Lockdown Blog 11: London to myself

The funny thing about being a King’s Singer is that, after a while, you start developing an abnormal sense of familiarity with lots of places that are a long way from home. For instance, I can tell you the layouts of numerous famous world airports, expound on the finer details of Manhattan’s grid system (even when it gets complicated below Houston), and sometimes even successfully navigate the escalators of Hong Kong. The flipside is that, occasionally, we can’t really tell you our way around our own hometowns.

Thankfully, this is changing. You see, while we’ve been on lockdown, I’ve also not been able to work out in my usual way. Yes, I’ve been doing barre, yoga and HIIT classes at home, but in the absence of an exercise bike, I’m having to get my cardio fixes in forms that aren’t spin classes. Cue lots (and lots) of runs around my neighbourhood. Now, I live in Shoreditch, on the edge of Bethnal Green and just north of Whitechapel in East London. Before these past three weeks, I had barely ever walked East from my home. Occasionally, I’d have made my way to Victoria Park for brunch on a Sunday or up to buy flowers on Columbia Road, and very rarely I’d treat myself to a trip to my favourite London wine bar in Dalston, but that was about it. There’s no way I could have told you how London Fields connects to Cambridge Heath, even though they’re only about 500 metres apart along a single, straight road.

For the last two weeks, however, I have run everywhere: as far West as King’s Cross along the canal from Haggerston (save one run to Soho, which was a mistake); up to Hackney Downs and Stoke Newington in the North; over to Mile End in the East; and right the way down to Camberwell in the South. I’ve learned of the existence of places like the Mare Street Market and Dalston Lane, and realised that Clapton wasn’t at least a half an hour drive away (as I previously thought). For someone whose sense of geography in this part of the world was essentially informed by the contours of the tube map, this greater understanding of what connects to where, and perhaps most importantly, how I can walk home from almost anywhere (particularly late at night when there’s a surge on Uber…), is such an unexpected gift, and I’m going to be spending a lot more time out of public transport and on foot instead when our routines return slightly more to normality.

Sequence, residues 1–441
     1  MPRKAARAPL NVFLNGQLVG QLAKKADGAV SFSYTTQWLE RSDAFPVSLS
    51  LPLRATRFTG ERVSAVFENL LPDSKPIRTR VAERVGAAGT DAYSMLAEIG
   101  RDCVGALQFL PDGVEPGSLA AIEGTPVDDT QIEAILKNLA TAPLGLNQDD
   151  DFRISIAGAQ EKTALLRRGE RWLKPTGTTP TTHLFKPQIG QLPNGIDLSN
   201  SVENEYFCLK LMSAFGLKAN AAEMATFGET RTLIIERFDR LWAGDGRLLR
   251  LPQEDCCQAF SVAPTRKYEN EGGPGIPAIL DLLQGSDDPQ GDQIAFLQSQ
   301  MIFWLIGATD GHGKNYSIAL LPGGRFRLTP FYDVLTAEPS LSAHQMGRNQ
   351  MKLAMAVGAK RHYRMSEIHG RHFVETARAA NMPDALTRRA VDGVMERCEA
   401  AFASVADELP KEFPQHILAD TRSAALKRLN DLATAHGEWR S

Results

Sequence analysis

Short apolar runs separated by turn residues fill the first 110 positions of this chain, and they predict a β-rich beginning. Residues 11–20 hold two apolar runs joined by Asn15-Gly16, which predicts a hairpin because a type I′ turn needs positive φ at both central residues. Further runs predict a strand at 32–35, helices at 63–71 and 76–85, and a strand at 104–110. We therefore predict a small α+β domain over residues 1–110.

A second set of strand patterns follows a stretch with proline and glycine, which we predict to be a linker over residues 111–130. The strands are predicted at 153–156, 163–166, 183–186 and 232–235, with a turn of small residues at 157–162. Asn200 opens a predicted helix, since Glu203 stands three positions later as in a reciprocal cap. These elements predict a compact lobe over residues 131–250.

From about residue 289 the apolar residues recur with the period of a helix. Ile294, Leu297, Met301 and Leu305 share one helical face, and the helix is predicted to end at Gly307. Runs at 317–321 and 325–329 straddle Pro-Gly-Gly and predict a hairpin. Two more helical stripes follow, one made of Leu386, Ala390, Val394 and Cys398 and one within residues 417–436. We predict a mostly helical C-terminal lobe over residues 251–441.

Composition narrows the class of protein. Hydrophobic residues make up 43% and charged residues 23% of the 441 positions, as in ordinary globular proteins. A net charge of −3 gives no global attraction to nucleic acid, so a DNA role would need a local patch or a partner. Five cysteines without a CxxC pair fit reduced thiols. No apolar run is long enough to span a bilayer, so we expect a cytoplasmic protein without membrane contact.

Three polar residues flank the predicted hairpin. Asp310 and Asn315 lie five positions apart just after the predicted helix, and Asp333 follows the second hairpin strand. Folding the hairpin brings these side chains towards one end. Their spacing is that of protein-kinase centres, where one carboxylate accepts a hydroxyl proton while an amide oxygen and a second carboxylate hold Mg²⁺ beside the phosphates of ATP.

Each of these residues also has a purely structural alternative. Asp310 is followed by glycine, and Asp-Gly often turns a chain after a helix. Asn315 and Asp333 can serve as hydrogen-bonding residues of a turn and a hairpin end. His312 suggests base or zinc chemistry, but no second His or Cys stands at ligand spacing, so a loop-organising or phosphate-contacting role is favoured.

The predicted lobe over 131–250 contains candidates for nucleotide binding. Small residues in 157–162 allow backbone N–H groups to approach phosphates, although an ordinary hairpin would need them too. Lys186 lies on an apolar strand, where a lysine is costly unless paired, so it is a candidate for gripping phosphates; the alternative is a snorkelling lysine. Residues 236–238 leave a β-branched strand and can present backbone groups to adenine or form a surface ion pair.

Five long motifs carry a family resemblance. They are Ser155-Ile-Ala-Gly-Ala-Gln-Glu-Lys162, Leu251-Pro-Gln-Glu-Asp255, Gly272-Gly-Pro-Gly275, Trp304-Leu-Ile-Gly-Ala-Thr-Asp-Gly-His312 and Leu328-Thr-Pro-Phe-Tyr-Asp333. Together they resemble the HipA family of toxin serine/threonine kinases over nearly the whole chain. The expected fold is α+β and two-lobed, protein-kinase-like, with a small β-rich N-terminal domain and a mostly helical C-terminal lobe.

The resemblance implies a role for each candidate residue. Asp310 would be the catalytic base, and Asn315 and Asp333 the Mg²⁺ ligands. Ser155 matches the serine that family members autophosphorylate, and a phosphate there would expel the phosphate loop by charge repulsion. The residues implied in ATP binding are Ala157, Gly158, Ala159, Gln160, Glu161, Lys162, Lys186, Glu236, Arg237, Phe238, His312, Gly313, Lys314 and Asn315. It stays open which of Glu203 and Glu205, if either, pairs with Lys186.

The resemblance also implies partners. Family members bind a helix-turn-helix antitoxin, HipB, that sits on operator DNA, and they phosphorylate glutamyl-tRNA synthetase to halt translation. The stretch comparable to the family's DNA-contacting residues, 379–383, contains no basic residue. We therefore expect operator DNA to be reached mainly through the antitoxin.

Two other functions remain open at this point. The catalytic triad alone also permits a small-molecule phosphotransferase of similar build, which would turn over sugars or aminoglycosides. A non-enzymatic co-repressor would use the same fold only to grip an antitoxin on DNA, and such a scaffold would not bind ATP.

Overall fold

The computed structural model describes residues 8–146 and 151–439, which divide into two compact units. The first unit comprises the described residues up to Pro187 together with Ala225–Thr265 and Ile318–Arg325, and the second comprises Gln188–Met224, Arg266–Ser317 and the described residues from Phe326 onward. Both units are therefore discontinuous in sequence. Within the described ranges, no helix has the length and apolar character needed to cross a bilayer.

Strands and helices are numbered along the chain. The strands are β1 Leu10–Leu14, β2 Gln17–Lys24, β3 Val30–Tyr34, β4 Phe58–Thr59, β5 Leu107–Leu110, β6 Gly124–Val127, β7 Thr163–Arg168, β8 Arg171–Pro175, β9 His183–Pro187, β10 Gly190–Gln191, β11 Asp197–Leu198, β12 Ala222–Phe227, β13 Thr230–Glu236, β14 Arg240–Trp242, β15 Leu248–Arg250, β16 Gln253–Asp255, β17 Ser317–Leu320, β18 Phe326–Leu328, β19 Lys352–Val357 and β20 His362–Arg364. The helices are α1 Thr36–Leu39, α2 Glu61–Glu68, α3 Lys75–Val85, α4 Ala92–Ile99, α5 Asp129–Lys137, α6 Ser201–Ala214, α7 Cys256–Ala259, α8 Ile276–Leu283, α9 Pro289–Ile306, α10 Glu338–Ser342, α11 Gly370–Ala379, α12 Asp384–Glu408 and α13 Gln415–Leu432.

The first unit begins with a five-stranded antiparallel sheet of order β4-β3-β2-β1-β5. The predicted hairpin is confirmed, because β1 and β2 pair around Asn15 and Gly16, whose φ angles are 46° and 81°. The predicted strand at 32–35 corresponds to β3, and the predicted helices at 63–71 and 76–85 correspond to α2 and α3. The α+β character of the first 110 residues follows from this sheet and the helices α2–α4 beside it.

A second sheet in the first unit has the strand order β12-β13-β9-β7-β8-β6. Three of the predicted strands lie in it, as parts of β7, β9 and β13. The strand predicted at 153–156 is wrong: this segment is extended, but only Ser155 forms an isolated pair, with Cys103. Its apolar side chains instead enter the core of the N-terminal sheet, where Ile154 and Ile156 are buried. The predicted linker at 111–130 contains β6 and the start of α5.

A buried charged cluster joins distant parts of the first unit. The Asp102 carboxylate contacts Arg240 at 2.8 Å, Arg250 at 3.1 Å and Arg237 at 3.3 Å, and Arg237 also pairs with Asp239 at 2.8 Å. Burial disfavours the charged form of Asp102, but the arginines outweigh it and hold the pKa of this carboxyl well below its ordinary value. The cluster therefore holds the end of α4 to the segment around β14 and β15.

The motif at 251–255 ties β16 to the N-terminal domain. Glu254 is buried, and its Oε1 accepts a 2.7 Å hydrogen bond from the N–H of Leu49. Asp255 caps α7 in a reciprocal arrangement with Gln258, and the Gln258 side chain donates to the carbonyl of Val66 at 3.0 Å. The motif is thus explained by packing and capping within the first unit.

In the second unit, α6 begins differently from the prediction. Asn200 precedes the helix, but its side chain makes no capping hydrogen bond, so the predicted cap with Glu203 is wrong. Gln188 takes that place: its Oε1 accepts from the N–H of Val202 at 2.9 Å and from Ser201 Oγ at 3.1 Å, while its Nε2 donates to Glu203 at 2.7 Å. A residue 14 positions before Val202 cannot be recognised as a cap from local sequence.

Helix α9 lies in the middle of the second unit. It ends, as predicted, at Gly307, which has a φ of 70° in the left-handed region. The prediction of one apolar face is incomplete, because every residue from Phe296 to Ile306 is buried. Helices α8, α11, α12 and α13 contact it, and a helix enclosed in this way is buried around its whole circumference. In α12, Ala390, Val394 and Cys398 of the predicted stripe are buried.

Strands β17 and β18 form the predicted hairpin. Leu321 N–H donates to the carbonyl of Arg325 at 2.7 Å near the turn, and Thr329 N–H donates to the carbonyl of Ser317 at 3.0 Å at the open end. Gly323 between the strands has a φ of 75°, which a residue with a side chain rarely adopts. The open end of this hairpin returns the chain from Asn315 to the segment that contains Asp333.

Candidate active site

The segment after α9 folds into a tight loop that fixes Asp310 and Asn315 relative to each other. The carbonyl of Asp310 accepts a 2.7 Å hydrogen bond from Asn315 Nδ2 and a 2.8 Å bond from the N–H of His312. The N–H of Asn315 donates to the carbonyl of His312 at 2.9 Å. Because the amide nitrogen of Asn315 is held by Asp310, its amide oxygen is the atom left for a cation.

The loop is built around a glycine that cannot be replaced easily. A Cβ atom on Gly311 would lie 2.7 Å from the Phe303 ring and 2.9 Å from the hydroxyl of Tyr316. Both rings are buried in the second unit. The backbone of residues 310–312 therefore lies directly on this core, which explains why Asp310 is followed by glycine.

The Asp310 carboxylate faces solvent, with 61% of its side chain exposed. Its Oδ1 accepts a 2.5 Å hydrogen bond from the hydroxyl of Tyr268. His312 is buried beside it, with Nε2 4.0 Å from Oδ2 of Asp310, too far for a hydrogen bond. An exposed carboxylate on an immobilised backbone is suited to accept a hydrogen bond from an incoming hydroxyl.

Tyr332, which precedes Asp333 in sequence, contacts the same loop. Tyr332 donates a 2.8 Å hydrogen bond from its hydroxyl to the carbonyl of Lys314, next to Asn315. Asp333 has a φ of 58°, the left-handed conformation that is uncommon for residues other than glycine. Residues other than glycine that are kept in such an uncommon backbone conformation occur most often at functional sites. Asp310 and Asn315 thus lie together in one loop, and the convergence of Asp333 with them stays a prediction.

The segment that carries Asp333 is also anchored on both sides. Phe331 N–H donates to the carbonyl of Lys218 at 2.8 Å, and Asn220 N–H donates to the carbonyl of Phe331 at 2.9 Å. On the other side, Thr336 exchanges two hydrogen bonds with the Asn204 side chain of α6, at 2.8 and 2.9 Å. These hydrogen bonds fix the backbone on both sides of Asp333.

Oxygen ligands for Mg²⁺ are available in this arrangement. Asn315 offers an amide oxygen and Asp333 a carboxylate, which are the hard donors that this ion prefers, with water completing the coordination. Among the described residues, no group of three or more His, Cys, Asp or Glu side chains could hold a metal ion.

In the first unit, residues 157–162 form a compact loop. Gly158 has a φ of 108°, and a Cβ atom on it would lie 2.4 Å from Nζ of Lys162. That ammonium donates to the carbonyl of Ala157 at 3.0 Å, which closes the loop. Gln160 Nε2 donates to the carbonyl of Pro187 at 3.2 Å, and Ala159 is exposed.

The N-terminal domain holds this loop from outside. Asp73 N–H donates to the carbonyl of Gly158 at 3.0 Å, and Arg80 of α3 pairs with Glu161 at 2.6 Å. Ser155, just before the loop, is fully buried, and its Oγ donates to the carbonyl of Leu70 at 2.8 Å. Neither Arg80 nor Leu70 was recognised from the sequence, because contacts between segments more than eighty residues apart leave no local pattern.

My favourite runs, though, have been those like the one I went on today: along the river. To get to the river from our house, you have to run either south down Bishopsgate to London Bridge, or down Commercial and across Whitechapel High Street, to get to Tower Bridge. Usually, these routes are packed with people walking to or from work, and the roads are heaving with traffic. Now, not so. Today, I made my way to London Bridge and then ran East down to Water Lane, to be right on the river. To have such unrestricted, peaceful access to the Thames right by the Tower of London, with the sun shining down on the water and me gazing up at the Shard, back towards the South Bank, and out east towards Canary Wharf, is breathtaking. I love having moments like these, that feel private in places that are usually so public.

Of course, this isn’t to say that I’m not looking forward to when lockdown ends and we’re able to head outside more freely with other people. But, given that we’re in these “unprecedented” times (some of my favourite memes at the moment relate to the funny fact that one of the most unprecedented things in this time of coronavirus is the frequency with which the word “unprecedented” is being used), it’s nice to find the positives in what is, temporarily, a much quieter London.

As always, I hope you’re all still staying safe and healthy, and that we emerge on the other side stronger than ever. xx


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